Here are some guidelines to use in actually writing the graduate school application essay:
You don't have to write a completely different essay for every school. You can reuse material from one essay to another. This isn't cheating and nobody will get mad if they find out you've said the same thing in an essay you sent to another school. However, you should be sure to address any questions that the school wants you to answer and be careful not to leave any telltale signs of a cut-and-paste job, like mentioning the name of one school in an essay that you send to another.
Don't be generic. If your essay sounds like it was pulled from a book or that it could apply to almost any student, you'll be graded down for that. Make it personal, with information about what makes you the unique human being you are. Your essay is a chance to let the admissions committee know what kind of person you are and why they would want to accept you instead of another student. Let your personality come through and keep it interesting. If the essay is dull and plodding, it may not even get read all the way through. Look at your essay and ask, "If this were a book, would I really want to read it?"
Don't come across like the class clown. You want the essay to be interesting, but not funny. You don't want to come across as sarcastic or facetious. Show the admissions committee that you're serious about your education and that you'll be a dedicated student after you enroll. A joke or two won't hurt, but your essay isn't a comedy routine and you don't want it to read like one. Besides, no offense meant, but you're probably not as funny as your friends tell you that you are.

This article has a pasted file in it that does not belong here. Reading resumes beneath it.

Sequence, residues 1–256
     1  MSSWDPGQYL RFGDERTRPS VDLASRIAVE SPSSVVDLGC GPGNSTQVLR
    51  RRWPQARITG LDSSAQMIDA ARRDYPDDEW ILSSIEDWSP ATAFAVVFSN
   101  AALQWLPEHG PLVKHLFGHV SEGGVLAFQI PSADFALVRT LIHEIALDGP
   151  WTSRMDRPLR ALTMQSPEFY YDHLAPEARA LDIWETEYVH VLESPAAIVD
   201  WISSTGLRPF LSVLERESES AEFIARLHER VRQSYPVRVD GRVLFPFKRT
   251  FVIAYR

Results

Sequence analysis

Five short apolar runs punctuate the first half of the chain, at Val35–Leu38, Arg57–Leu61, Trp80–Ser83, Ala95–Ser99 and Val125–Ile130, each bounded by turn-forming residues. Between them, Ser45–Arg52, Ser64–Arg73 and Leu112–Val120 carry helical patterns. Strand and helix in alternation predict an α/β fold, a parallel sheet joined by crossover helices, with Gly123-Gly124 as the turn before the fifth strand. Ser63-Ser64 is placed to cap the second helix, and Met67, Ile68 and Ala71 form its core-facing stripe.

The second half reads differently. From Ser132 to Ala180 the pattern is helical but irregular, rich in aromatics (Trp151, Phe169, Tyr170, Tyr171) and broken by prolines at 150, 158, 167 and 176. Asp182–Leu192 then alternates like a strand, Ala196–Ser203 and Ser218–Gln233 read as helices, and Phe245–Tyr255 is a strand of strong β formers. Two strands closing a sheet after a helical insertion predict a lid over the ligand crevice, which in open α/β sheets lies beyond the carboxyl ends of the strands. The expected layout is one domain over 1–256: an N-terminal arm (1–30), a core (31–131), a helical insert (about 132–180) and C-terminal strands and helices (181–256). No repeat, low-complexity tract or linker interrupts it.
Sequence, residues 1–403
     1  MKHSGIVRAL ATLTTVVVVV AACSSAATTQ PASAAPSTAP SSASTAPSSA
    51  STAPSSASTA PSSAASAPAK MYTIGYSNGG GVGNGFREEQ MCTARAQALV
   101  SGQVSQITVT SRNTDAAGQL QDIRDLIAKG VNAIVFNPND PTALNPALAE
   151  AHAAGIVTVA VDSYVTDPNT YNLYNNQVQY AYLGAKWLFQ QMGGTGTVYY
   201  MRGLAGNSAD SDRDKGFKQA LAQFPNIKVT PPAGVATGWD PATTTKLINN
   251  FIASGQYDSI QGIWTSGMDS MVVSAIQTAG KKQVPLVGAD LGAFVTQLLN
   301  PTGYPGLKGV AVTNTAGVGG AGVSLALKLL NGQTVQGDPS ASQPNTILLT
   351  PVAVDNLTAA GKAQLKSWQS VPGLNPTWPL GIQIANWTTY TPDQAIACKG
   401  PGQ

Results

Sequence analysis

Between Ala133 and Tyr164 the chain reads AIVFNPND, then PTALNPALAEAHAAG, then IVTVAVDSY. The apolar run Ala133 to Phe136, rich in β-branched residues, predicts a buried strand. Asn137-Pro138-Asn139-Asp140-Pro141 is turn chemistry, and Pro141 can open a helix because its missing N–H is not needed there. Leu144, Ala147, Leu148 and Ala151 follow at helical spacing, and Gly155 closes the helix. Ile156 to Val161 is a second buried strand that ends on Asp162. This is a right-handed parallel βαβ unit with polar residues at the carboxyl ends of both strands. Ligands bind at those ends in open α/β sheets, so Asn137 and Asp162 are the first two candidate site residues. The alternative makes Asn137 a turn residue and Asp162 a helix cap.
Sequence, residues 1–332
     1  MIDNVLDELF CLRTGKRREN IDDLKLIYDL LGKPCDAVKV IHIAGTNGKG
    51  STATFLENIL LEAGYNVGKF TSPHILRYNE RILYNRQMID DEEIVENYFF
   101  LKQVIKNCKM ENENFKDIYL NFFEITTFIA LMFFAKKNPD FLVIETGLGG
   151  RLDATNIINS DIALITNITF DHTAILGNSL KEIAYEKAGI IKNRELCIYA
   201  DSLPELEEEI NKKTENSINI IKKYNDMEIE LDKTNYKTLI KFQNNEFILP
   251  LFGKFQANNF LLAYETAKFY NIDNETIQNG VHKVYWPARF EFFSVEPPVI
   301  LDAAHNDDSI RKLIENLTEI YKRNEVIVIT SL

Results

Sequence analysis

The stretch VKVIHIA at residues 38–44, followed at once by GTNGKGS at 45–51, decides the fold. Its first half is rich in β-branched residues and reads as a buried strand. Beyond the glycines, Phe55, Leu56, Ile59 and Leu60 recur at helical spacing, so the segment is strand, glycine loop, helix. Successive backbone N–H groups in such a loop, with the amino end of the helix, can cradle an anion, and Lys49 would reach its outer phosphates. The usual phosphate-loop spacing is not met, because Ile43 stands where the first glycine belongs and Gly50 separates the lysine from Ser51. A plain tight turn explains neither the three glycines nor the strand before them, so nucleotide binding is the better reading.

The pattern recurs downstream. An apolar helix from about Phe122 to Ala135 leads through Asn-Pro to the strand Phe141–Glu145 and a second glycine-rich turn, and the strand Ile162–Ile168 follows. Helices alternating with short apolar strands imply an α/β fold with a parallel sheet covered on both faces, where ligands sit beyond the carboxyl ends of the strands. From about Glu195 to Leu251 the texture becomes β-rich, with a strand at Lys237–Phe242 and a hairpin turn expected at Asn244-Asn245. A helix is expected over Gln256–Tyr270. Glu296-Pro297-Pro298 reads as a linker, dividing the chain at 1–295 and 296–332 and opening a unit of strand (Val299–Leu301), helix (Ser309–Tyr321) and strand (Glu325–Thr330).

Don't describe the part of your academic career that the admissions committee already knows about. They have your records in front of them. They know if you got good grades and they won't be impressed if you start bragging about them. Tell them something they don't already know.
Accentuate the positive. Write about your personal strengths. If you have weaknesses-well, so does everyone else, but this may not be the place to mention them, unless you want to write about how you overcame them. If your grades have gone from bad to great over the last few years, mention that and explain how you did it. But if you spend too much time partying or flirting with members of the opposite sex, the admission committee doesn't need to know.
Don't plead for sympathy. You aren't trying to make the admissions committee feel sorry for you because you've had a rough life. A sob story won't get you admitted. If overcoming hardships, such as an illness or physical handicap, has been a major part of your life, go ahead and tell them, as long as you think it's relevant. But don't dwell on it. Move on quickly to other things.